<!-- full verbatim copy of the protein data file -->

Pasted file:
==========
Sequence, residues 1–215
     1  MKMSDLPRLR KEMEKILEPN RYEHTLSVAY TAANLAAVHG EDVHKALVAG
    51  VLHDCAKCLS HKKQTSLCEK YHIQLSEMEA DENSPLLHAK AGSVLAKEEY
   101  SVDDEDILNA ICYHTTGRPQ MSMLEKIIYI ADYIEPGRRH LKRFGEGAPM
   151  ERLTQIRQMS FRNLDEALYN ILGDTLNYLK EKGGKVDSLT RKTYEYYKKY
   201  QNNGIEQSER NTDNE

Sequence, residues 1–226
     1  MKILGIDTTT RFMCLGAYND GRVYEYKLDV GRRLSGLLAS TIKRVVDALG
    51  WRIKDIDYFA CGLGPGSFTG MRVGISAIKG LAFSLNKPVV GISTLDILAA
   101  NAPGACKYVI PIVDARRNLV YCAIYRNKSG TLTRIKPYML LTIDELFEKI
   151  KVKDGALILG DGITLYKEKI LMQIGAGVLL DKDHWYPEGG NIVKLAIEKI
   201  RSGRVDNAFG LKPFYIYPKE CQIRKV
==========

Sequence, residues 1–215
     1  MKMSDLPRLR KEMEKILEPN RYEHTLSVAY TAANLAAVHG EDVHKALVAG
    51  VLHDCAKCLS HKKQTSLCEK YHIQLSEMEA DENSPLLHAK AGSVLAKEEY
   101  SVDDEDILNA ICYHTTGRPQ MSMLEKIIYI ADYIEPGRRH LKRFGEGAPM
   151  ERLTQIRQMS FRNLDEALYN ILGDTLNYLK EKGGKVDSLT RKTYEYYKKY
   201  QNNGIEQSER NTDNE

Sequence, residues 1–226
     1  MKILGIDTTT RFMCLGAYND GRVYEYKLDV GRRLSGLLAS TIKRVVDALG
    51  WRIKDIDYFA CGLGPGSFTG MRVGISAIKG LAFSLNKPVV GISTLDILAA
   101  NAPGACKYVI PIVDARRNLV YCAIYRNKSG TLTRIKPYML LTIDELFEKI
   151  KVKDGALILG DGITLYKEKI LMQIGAGVLL DKDHWYPEGG NIVKLAIEKI
   201  RSGRVDNAFG LKPFYIYPKE CQIRKV